You appear to be quite lucky (or assertive and very well organised) in that you don’t have the need to often ‘take work’ home with you……there are some people who feel increasingly expected to do so and I know of one training manager who had a breakdown due to the pressure of work and the fact that she felt unable to escape the constantly ringing phone/pinging email messages/texts all demanding answers over the weekends and in the evenings.

    Rus

     

  5. Personal

    Thanks for the explanation Russ

    The question was "What are your tips" and I can only speak for myself.

    If I was unlucky enough to have a job that meant I had to "escape" because I was bombarded with "stuff" I didn’t want I would hope I would leave…

    I know quite a few people who work in Banking and Law etc and earn 10 times what I do but also do 50 times more work including weekends…not my idea of a life!

     

  6. too late!

    Steve

    "I know quite a few people who work in Banking and Law etc and earn 10 times what I do but also do 50 times more work including weekends…not my idea of a life!"

    Where was this quote when I wanted career advice comments for my book?

    Rus

     

  7. True

    Its also very true Russ. I work in The City and am surrounded by them.

    I’ve heard some incredible stories of the "stay late" culture in banks and law firms…imagine the whole office looking over their glasses and staring at their watches at the person who dares to leave before 8pm…and that was from an Administrator…the Lawyers are there till midnight!

     

  8. “I’m sorry – I’m out of the office right now”

    Something I’ve noticed across roles is that, provided you’re not in a situation where (as Steve and Rus describe) you’re expected either contractually or as a part of the culture to put in as many extra hours as possible, one of the most important aspects of stepping away from the desk is to manage contacts’ expectations. If you make clear exactly when someone can expect to hear back or know that a request has been actioned, it’s much easier to stay on top of things without ever worrying about turning on the BlackBerry or "just checking in".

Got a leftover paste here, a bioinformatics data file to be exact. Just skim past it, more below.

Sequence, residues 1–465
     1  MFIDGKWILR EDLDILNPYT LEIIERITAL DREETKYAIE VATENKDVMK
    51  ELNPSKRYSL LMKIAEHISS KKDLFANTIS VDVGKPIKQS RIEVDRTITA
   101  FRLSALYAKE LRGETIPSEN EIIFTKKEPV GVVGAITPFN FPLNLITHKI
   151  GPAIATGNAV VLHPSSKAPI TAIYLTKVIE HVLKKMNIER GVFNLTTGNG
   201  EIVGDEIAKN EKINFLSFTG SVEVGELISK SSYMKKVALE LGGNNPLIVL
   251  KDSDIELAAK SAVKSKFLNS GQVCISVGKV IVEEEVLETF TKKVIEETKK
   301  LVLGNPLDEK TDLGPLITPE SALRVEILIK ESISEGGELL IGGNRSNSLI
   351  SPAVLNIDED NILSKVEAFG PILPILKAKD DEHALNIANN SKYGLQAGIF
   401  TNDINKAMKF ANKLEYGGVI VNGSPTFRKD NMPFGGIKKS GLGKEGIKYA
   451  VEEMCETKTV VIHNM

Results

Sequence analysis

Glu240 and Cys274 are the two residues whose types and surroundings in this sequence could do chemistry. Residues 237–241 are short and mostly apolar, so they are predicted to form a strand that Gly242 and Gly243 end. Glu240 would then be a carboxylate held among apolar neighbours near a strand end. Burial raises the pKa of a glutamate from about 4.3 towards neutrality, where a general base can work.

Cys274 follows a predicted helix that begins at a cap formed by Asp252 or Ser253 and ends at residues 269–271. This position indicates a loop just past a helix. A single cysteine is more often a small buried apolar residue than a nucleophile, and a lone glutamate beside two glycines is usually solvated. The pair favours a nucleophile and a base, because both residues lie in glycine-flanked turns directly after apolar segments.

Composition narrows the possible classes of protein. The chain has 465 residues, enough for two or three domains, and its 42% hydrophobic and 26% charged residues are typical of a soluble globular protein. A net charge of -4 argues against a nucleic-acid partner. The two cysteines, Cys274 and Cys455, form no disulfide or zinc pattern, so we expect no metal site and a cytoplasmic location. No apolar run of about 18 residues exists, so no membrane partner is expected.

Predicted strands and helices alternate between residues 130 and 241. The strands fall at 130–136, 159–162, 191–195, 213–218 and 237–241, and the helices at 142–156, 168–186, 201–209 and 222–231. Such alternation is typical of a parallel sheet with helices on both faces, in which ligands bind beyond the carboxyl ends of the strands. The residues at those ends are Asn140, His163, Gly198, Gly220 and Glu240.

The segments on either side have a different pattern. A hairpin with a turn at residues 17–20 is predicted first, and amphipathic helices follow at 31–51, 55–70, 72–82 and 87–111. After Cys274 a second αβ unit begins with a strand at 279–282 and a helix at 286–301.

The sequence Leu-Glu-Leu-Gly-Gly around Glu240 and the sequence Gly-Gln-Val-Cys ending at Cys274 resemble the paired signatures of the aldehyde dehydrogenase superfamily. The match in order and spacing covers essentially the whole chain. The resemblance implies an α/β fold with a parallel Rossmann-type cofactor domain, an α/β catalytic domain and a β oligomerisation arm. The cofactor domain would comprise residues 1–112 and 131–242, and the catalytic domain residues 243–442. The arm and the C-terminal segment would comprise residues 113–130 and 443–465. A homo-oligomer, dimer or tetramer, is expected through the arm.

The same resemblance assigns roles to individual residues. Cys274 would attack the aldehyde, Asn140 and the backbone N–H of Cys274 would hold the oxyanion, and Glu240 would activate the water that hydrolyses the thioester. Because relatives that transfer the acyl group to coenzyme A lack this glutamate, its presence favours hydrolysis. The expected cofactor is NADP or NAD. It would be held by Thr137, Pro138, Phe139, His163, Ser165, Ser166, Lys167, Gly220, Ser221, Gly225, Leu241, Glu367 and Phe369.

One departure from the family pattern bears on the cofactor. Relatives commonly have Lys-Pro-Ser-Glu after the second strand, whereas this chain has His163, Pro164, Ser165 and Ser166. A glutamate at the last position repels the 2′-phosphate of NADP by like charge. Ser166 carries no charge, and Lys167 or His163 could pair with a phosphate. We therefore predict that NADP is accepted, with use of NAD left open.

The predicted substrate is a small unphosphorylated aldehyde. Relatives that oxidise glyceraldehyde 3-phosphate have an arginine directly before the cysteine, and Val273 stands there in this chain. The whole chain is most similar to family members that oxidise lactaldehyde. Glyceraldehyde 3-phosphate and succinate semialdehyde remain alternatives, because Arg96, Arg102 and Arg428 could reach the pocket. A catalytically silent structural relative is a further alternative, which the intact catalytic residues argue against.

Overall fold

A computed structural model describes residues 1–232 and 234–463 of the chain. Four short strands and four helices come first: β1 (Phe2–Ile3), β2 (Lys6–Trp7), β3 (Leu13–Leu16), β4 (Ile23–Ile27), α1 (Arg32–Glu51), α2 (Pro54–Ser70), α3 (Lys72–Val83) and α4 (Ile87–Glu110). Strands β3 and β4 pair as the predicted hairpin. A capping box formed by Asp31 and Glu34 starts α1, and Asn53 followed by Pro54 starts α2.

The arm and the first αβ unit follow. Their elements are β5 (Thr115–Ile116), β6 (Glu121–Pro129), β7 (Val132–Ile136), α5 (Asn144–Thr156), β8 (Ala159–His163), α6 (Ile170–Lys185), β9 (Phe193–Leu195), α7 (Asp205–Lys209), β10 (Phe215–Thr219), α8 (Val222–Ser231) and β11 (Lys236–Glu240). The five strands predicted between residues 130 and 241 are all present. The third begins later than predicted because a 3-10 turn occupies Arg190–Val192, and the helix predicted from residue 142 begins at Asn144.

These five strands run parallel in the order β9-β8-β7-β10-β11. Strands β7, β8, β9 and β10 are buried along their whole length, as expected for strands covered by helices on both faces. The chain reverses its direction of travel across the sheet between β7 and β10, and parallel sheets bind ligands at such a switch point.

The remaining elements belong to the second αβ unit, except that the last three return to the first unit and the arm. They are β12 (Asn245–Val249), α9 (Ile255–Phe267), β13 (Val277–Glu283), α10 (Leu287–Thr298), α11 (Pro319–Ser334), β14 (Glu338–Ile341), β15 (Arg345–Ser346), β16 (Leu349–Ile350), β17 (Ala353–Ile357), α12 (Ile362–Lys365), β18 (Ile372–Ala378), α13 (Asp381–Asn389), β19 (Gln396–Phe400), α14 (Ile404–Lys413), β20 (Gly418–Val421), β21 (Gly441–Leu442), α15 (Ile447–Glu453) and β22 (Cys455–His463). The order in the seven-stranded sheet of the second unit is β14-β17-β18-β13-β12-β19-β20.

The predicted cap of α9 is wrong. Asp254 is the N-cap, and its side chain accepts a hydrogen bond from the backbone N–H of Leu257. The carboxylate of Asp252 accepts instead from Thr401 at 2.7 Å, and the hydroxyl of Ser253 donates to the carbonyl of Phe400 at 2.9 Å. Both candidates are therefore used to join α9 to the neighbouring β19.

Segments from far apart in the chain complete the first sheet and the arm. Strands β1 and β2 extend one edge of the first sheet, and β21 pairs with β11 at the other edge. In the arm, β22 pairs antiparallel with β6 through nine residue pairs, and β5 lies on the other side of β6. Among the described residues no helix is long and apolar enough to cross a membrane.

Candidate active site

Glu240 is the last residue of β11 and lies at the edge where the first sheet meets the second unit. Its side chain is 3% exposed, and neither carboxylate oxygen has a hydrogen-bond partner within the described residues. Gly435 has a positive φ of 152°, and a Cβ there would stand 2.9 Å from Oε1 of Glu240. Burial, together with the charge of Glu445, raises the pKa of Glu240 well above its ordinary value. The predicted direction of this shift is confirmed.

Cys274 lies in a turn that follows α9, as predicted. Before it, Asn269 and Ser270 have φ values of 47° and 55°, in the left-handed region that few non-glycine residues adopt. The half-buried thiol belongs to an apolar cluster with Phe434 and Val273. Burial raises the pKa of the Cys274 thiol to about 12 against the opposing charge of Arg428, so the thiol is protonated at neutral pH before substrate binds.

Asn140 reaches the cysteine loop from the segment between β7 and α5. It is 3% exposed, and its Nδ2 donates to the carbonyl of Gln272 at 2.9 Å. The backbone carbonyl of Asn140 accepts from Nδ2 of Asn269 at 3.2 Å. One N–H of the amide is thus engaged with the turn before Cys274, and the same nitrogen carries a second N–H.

The system that left the biggest impression on me (which, admittedly, isn’t for everyone) was a marketer who made a point of taking what they called an "email sabattical" when they went on annual leave. Rather than posting the usual out of office respons, they made it clear that, for their two week absence, any emails sent would be automatically deleted. Out of politeness, they sent out regular warnings before going away so that everyone who would be affected day-to-day was aware of what was going to happen. While some may see it as a little extreme, it perfectly set up contacts’ expectations, providing the necessery impetus to evaluate whether their request was urgent and, if so, could it be handled by anyone to whom duties had been handed over.

    After every holiday, she came back to a clean inbox, sent out a notice explaining that if there was anyting pressing then she should be notified that morning and saved hours of trawling through old email chains, tasks that had been completed by others and the countless messages that would otherwise have been deleted after only requiring a cursory glance.

    It may not be effective to shut everything down every weekend but, when it’s important to draw clear boundaries to enjoy some downtime, it can be a major timesaver whilst still keeping everybody happy.

Author Profile Picture
Jon Kennard

Freelance writer

Read more from Jon Kennard